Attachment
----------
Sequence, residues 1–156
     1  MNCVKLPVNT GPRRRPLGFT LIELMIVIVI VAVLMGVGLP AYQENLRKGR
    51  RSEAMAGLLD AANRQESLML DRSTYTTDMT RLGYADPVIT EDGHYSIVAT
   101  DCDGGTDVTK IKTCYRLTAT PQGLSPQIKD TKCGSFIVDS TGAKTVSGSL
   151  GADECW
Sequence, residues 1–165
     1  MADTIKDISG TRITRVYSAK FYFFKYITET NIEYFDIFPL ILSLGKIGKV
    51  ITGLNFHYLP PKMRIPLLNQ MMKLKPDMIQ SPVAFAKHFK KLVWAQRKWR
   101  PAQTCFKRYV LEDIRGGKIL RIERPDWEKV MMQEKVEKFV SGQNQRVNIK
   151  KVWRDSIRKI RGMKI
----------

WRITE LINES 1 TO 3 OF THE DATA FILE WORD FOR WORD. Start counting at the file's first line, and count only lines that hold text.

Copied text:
Sequence, residues 1–156
     1  MNCVKLPVNT GPRRRPLGFT LIELMIVIVI VAVLMGVGLP AYQENLRKGR
    51  RSEAMAGLLD AANRQESLML DRSTYTTDMT RLGYADPVIT EDGHYSIVAT